She Lives! includes prayers, hymns, litanies, and other resources for Divine Feminine rituals. Also, there is a section that provides information on feminist faith communities I have discovered. One of the hymns in the book is “O Holy Darkness, Loving Womb.” This hymn connects darkness to the Sacred Feminine, empowering us to end injustice and heal the wounds of Earth. The hymn contributes to racial justice by changing the traditional symbolism of darkness as evil or ominous to darkness as creative bounty and beauty, affirming the sacred value of people of color through these positive images. In this video, recording artist Shannon Kincaid sings “O Holy Darkness, Loving Womb,” with pictures from various artists, to the tune of “O Little Town of Bethlehem.”
Here are lyrics of several stanzas:
O Holy Darkness, loving Womb, who nurtures and creates,
sustain us through the longest night with dreams of open gates.
We move inside to mystery that in our center dwells,
where streams of richest beauty flow from sacred, living wells.
O come to us, Sophia; your image, black and fair,
stirs us to end injustice and the wounds of Earth repair.
The treasures of your darkness and riches of your grace
inspire us to fulfill our call, our sacredness embrace.
Words © Jann Aldredge-Clanton, from Inclusive Hymns for Liberating Christians (Eakin Press, 2006)
During this season of the year, whatever our religious tradition, we can’t escape the ritual of Christmas carols in shopping malls, grocery stores, parades, TV, radio. In the Christmas season of 1995, I began writing hymns. The multitude of masculine images in traditional carols pelted me like stones. I began to wonder how different the world would be if we sang “O come, let us adore Her.” So I wrote a carol that included Sophia (“Wisdom”) to the tune of “O Come, All Ye Faithful.” Later, I wrote a carol with the female divine image of Midwife (Psalm 22:9-10). In this video Larry E. Schultz, among those featured in She Lives!, conducts the choir of Pullen Memorial Baptist Church in Raleigh, North Carolina, in singing “Midwife Divine Now Calls Us” to a familiar carol tune.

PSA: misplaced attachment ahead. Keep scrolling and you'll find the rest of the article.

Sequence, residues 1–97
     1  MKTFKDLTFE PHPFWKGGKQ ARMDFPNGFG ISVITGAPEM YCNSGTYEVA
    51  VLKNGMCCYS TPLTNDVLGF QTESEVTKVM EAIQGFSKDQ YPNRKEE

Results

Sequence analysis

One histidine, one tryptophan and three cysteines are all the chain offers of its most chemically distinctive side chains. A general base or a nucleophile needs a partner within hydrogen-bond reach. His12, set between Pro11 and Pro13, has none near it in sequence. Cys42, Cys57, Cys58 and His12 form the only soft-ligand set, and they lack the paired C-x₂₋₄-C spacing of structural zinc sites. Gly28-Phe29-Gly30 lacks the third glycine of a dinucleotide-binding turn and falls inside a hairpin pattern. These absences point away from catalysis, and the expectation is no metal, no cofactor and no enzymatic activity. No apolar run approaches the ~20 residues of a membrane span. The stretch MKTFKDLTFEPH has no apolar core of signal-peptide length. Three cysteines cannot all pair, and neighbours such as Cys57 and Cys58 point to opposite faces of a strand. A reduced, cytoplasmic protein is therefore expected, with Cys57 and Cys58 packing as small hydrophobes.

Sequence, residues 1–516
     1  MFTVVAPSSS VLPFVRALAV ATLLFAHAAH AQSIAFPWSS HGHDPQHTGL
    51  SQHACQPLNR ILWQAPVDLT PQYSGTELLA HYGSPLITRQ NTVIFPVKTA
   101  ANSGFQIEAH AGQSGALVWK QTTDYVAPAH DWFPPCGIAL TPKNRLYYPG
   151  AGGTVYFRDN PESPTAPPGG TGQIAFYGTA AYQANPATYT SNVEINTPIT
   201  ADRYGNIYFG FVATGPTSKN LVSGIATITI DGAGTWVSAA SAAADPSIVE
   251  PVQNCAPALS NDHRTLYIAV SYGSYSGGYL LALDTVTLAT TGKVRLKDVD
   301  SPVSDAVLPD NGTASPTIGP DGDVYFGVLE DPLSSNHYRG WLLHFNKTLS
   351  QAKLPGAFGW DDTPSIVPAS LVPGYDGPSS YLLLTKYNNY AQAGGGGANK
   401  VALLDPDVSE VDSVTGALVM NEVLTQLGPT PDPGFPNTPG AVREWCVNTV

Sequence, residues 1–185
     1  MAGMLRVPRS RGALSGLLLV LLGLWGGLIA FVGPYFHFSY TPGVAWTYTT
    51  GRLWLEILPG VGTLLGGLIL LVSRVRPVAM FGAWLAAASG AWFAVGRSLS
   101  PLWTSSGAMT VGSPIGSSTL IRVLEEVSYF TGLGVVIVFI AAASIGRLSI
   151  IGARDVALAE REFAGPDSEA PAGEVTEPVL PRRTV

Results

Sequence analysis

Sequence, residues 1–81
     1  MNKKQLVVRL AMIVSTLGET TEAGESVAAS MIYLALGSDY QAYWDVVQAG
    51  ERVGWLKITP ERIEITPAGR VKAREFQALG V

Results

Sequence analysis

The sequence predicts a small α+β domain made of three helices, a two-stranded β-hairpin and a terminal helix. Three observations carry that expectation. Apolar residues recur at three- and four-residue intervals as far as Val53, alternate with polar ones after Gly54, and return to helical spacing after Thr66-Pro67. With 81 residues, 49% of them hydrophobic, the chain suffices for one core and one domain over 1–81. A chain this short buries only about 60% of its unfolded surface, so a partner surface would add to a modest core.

Stacy Boorn, who is also featured in She Lives! and who is pastor of Ebenezer/herchurch Lutheran in San Francisco, says that she doesn’t “see how the world is going to change until the religious institutions change because they are so much a part of who the world is.” This revolution is happening through the reclaiming of the Divine Feminine in rituals, illustrated in this video of Vocal Divine at herchurch (Lana Dalberg, Dionne Kohler, Alison Newvine, Kathleen Neville Fritz) singing “What Wondrous Thing” to a familiar carol tune.
Here are lyrics of the refrain:
Look, look, for She is here;
Her Wisdom words have long been near.
Now, now, behold Her grace,
Divinity in Her image.
Words © Jann Aldredge-Clanton, from Inclusive Hymns for Liberating Christians
Jann Aldredge-Clanton is a feminist theologian, author, minister, professor, and facilitator of workshops and conferences on expanding images of the Divine. Among her published books are She Lives! Sophia Wisdom Works in the World (Skylight Paths http://skylightpaths.com/; 800-962-4544); Seeking Wisdom: Inclusive Blessings and Prayers for Public Occasions; and Inclusive Hymns for Liberation, Peace, and Justice. She ministers in ecumenical and interfaith settings, and co-chairs the ecumenical, multicultural Equity for Women in the Church Community.